Efficient algorithm to determine if a lambda calculus term is equivalent to one without a given free variable

Consider the following problem: given a lambda calculus term $ t$ and free variable $ v$ determine whether $ \phi(t,v)$ , where $ \phi(t,v) := \exists t’. t’ \equiv t \land v \notin FV(t’)$ .

This problem is undecidable. To prove this, assume the contrary. For any Turing machine $ M$ , let $ t_M$ be a lambda calculus term that normalizes to $ \lambda x. x$ if $ M$ halts and diverges otherwise. Then determine whether $ \phi(t_M(\lambda x. (\lambda y. y))v, v)$ . If it is true, then $ M$ halts. Otherwise, it does not. This provides an algorithm to solve the halting problem, which is a contradiction.

On the other hand, it is semidecidable. For any $ t$ and $ v$ , simply enumerate the $ t’$ such that $ t’ \equiv t$ . If a $ t’$ is enumerated such that $ v \notin FV(t’)$ , output yes and halt. This algorithm outputs yes iff $ \phi(t, v)$ .

That said, this algorithm is not very efficient, since you have to use an enumeration that enumerates all $ t’$ such that $ t’ \equiv t$ . Is there an efficient algorithm to determine whether $ \phi(t,v)$ is true?

One thing one might consider is to normalize $ t$ , and then determine whether $ v$ is a free variable in the normal form of $ t$ . Although this is efficient, it is not correct. Consider the term $ t := \Omega((\lambda x. \lambda y. x)\Omega v)$ (where $ \Omega := (\lambda x. x x)(\lambda x. x x)$ ). $ t$ does not have a normal form. Yet, $ \phi(t,v)$ is true, since $ (\Omega \Omega) \equiv t \land v \notin FV(\Omega \Omega)$ .

Note also that normalizing $ t$ using and checking if $ v$ is free in the intermediate terms after each step will not work if one uses normal-order reduction or applicative order reduction. The counterexample for both is $ \phi(\Omega((\lambda x. \lambda y. x)\Omega v), v)$ , the same as before.

One approach would be to find some other efficient reduction strategy (perhaps depending on $ v$ ) that will eventually produce a term that does not contain $ v$ , if such a term exists. This potentially could solve $ \phi(\Omega((\lambda x. \lambda y. x)\Omega v), v)$ , since $ \Omega((\lambda x. \lambda y. x)\Omega v)$ can be reduced to $ \Omega((\lambda y. \Omega) v)$ which can be reduced to $ \Omega \Omega$ , which does not contain $ v$ . We need a strategy that works on arbitrary $ t$ though.

Alpha conversion does not make a difference. It appears that eta conversion is also irrelevant.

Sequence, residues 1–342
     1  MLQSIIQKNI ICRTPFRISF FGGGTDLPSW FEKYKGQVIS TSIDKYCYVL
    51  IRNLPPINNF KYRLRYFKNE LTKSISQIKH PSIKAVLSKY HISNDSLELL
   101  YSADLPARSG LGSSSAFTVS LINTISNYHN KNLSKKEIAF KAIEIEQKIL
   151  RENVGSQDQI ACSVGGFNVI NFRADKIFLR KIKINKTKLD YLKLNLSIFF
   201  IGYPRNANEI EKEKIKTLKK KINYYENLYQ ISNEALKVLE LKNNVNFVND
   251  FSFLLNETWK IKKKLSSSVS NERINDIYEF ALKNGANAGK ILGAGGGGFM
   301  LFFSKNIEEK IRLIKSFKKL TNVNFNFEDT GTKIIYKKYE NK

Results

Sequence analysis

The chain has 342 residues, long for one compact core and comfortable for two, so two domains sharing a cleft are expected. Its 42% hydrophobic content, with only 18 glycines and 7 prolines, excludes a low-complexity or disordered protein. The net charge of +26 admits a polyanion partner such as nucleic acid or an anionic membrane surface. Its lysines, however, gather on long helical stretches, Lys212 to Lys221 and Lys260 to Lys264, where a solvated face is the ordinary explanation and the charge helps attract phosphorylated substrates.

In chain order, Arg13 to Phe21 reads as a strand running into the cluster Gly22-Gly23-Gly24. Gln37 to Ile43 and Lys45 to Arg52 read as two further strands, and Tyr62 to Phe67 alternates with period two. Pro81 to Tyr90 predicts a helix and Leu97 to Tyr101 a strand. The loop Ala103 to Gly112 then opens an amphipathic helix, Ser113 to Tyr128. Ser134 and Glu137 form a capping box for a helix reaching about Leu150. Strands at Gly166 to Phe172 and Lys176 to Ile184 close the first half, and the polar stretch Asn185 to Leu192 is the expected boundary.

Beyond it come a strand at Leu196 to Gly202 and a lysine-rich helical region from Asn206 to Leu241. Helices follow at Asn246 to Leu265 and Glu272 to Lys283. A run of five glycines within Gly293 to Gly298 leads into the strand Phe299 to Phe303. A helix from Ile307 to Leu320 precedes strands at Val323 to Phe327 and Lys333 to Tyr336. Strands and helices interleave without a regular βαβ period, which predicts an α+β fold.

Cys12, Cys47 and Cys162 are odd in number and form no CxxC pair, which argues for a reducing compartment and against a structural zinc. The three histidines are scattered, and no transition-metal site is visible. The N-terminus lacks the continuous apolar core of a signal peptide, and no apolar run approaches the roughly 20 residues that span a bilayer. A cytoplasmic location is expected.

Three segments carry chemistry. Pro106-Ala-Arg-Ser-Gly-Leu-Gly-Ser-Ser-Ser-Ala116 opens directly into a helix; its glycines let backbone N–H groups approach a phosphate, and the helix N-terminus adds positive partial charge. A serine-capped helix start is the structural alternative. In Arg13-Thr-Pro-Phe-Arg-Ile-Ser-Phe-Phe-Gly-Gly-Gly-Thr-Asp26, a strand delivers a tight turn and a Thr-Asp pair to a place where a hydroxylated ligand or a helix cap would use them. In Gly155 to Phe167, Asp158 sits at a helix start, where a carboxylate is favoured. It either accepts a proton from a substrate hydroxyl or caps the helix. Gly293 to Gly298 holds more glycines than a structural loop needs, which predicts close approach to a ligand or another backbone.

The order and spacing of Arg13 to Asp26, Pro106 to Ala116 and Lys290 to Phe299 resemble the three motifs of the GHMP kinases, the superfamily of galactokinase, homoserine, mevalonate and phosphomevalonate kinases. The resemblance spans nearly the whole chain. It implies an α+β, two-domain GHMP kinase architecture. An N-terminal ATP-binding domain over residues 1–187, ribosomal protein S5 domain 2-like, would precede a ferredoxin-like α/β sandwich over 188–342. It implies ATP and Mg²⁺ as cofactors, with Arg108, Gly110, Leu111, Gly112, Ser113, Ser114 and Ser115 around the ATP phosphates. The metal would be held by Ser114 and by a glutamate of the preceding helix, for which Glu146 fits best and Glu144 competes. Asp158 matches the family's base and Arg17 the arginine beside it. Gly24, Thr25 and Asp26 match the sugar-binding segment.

How to determine the genus and the number of poles in a ring $\mathbb{C}[t,t^{-1},u]/\langle u^m-p(t)\rangle$?

A pole of the finite polynomial $ p(t)=\sum_{i\in\mathbb{Z}}a_it^i$ is a point $ p_0$ such that $ p(p_0)=\infty$ .

I already know that when $ m=2$ , the genus $ g$ depends on the defining polynomial $ p(t)$ with degree $ d$ according to the formula $ $ g=\frac{d-1}{2}, $ $ equivalently $ $ 2g=\begin{cases} d-2 \textrm{ if $ d$ is even} \d-1 \textrm{ if $ d$ is odd.}\end{cases} $ $

After that, I have that the number $ n$ where poles are allowed depends on $ p(t)$ according to the formula $ n=4-r$ where $ r$ is the number of ramified points in $ \{0,\infty \}$ : $ 0$ is ramified exactly when the constant term $ a_0=0$ , and $ \infty$ is ramified exactly when the degree $ d$ is odd. Combining this information gives $ $ 2g+n-1=\begin{cases} d+1 \textrm{ if } a_0\neq0, \d-1 \textrm{ if } a_0=0. \end{cases} $ $

As I said, it is the case when $ m=2$ . When $ m$ is arbitrary, what could I say?

How to determine the genus and the number of poles in a ring $ \mathbb{C}[t,t^{-1},u]/\langle u^m-p(t)\rangle$ ?

How to determine the cause of stuck `D` status processes?

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I have several processes stuck on uninterruptible sleep statuses, all seemingly stemming from auplink /var/lib/docker/aufs/mnt. It’s something docker related and it’s waiting on an I/O that will never complete — I get that, but how do I determine the exact cause? How can I know what I/O it is waiting on? Also, is there really no way of making these stuck processes go away without a hard reboot?

Determine if the original path of an alias is local or remote

I have a folder full of thousands of aliases and need to isolate the ones referencing a remote path on another computer on an AFP network. I can iterate all of the alias files over a terminal command with Automator but can’t find the right command to determine the original path of an alias.

I’d be grateful for any help. Thanks.

SQL Server Query Notification : How to determine the query that a subscription is for?

Using SqlDependency+SqlConnection+SqlCommand mechanism, a client application can create a notification mechanism. I want to figure out the query that clients submit as part of a subscription using this mechanism. I want to do so by examining the system tables. I can use the SQL Profiler to do so but I am hoping that there is a more efficient way to do so by using the sys. tables. I see the sys.dm_qn_subscriptions but have been unable to figure out which table holds the query (or the hash representing the query).